Web naysayers are louder, but it's still a useful tool
- By Walter B. Houser
- Jul 08, 1996
Trashing the World Wide Web is rapidly becoming the latest journalistic fad. Once the
darling of the press, the Web is getting closer scrutiny and more negative reviews from
those who were uncritical advocates.
Is the Web really such a disappointment? Now that the Web is a household word, articles
extolling its virtues are not news. When the journalists stop extolling the Web, it's a
sign that the Web is a mature technology.
The Web may be the most significant development in computing since the PC. So what?
Webheads are not particularly interested in some reporter's revelations about the
astonishing amount of information (or at least data) available to those who surf the Net.
For them, it's "been there, done that."
On the other hand, webphobics and luddites are not eager to read articles about the
virtues of a technology that intimidates them. They'd rather have an excuse for their
reluctance, something conveniently provided by the "Web is trash" line of
journalism. They take a position like this: I don't need to spend the time, money or
energy to get connected because, as a recent Washington Post headline says,
"Farewell, Webheads. I used to be one of you. Then I took out the Internet trash and
found there wasn't much left."
Other Web critics are disenchanted Internet dweebs who resent the Invasion of the
Suits, the corporate executives who have inflicted crass commercialism on the Web. Just a
few years ago, the Internet was a friendly sandbox for blue jean-clad academics and
engineers from high-tech colleges and universities, companies and government agencies.
Back in those good old days, use of the Internet presumed a modest background in Unix.
To play, you had to join the fraternity and pay your dues by learning vi, grep, chmod and
other arcane Unix incantations.
Now anybody who can type can create Web pages. So there is a lot of garbage on the Web.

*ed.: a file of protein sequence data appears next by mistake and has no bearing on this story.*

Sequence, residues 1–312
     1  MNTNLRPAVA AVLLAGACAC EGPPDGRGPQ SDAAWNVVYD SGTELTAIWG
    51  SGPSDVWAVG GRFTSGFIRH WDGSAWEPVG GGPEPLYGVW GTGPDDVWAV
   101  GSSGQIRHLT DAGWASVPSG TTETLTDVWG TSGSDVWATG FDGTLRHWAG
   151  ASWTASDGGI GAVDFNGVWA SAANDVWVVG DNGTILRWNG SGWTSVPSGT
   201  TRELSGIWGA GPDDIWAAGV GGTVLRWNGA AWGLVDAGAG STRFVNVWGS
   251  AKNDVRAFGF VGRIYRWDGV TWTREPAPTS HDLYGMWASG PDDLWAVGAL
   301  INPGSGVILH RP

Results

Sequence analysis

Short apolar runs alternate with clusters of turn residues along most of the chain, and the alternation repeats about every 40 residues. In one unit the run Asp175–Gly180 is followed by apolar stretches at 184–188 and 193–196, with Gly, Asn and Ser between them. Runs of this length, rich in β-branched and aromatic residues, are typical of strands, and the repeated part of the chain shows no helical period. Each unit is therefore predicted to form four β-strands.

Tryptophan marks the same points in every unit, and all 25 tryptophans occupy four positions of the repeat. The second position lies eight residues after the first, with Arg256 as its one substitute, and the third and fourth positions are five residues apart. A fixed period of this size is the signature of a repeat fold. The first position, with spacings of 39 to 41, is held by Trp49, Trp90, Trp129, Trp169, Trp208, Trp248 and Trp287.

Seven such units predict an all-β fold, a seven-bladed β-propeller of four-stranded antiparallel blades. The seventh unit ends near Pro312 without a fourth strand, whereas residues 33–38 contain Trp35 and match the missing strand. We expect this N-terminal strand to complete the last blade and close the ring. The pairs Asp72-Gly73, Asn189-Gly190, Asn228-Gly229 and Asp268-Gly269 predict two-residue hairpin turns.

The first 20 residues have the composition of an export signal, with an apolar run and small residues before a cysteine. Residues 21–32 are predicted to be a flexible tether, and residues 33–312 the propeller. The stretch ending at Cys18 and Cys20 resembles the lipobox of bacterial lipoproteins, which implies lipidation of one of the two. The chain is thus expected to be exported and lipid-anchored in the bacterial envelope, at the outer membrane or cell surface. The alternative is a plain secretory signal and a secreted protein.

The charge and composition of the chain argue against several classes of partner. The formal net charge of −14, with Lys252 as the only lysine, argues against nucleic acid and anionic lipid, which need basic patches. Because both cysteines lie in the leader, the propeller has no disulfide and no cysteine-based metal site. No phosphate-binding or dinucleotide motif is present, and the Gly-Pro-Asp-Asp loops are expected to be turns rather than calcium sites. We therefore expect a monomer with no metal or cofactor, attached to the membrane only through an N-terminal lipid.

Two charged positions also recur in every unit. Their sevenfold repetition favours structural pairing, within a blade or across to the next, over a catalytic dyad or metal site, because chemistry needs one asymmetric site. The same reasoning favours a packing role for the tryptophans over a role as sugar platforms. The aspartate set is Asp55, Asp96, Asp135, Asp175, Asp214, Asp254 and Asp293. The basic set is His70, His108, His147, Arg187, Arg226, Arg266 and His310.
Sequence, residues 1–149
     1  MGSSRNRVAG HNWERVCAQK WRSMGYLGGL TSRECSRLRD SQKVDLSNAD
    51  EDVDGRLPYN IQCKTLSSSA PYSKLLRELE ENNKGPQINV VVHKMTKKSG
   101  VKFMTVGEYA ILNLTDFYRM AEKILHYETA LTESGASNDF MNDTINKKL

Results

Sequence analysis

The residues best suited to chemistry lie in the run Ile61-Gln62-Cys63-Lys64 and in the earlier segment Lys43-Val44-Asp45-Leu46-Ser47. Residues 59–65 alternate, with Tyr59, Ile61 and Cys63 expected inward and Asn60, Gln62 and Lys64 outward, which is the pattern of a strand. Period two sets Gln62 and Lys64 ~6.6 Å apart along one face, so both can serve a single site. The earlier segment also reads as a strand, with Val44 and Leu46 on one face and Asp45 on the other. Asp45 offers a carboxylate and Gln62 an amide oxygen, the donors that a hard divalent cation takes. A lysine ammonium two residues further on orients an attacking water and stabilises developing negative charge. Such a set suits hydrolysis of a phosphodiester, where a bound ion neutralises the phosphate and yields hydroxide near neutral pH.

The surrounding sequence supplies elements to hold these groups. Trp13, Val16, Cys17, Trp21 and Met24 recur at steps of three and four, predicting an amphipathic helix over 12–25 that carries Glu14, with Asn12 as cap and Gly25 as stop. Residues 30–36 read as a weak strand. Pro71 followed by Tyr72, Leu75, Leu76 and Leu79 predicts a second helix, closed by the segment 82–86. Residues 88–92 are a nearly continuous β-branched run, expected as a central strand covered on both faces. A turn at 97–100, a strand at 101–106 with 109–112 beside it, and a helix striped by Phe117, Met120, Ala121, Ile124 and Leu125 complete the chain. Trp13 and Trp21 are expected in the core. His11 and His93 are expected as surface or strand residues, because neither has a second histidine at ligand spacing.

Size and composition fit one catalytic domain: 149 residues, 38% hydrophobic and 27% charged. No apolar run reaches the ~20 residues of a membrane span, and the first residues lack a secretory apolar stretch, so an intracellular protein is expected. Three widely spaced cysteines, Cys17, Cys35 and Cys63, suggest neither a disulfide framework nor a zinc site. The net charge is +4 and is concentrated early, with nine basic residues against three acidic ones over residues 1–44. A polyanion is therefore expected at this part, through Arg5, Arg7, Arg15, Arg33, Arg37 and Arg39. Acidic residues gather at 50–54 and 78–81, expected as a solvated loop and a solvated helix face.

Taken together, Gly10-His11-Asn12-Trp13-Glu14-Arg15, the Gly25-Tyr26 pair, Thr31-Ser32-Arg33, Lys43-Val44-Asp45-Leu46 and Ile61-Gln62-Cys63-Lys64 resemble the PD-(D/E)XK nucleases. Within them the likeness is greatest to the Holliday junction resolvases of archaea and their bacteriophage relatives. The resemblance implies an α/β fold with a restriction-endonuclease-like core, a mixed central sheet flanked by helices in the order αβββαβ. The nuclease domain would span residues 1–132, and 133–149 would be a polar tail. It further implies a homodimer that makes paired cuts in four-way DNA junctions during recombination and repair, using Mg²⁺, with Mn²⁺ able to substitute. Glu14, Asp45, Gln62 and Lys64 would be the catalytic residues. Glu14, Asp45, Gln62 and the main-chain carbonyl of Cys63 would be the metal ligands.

Many corporate Web sites are nothing more than slick promotional brochures. Many
old-timers find this development disgusting.
But remember that newspapers and news magazines thrive on controversy. Even the most
reputable publications must sell copies. And nothing sells like controversy. As the
National Inquirer and Star demonstrate at any grocery checkout line, lurid headlines and
outrageous assertions sell newsprint.
So is there any truth to these Web-is-trash laments? Critics correctly observe that
sifting the grains of wheat from the buckets of chaff is no simple task. The mindless
robots used by the Web search tools collect a lot of crap. In fact, many popular Web sites
specialize in providing high-quality links and evaluations of the utility of the site's
The Web is no exception to Silverberg's Law: "Ninety percent of everything is
crap" If I recall correctly, author Robert Silverberg issued this edict as a response
to critics of a science fiction anthology he edited.
To avoid being overwhelmed by the glut of data on the Web, find yourself a
knowledgeable information broker. Getting help from those with skill and knowledge is the
first step in getting useful results from the Web. A few minutes of counsel and guidance
will make your research far more productive.
The Web is a quagmire for those who are easily distracted. Employers and school
administrators are rightfully concerned that employees and students will fritter hours
away cruising the Web. To prevent this, sometimes I write my query topic on a sticky note
and post it on my monitor to remind me of the task at hand.
Agencies need to set a policy limiting use of the Internet to official purposes.
Supervisors will need to pay attention to what their employees are doing on their
terminals. Just monitoring the smoke and coffee breaks no longer is sufficient.
Like teenagers driving their first cars, most Internet novices go though a period of
slack-jawed wonder at all the glitz on the Web. Then they come to their senses and use the
Web like any other tool. Those who don't snap out of their fixations will need
intervention by colleagues or supervisors.
Nevertheless, in the hands of the disciplined employee, the Web is an excellent search
tool and information dissemination medium. Agencies can reach a broad spectrum of
customers nearby and far away. Documents that were the cherished preserve of jealous
bureaucrats can overnight become available to the entire world.
A well-organized Web site can be an essential repository of agency and organizational
information. Or the site can be a hodgepodge collection of data and papers that frustrates
rather than helps your customers. Which it becomes is up to you.
Walter R. Houser, who has more than two decades of experience in federal
information management, is webmaster for a Cabinet agency. His own Web home page is at http://www.cpcug.org/user/houser/.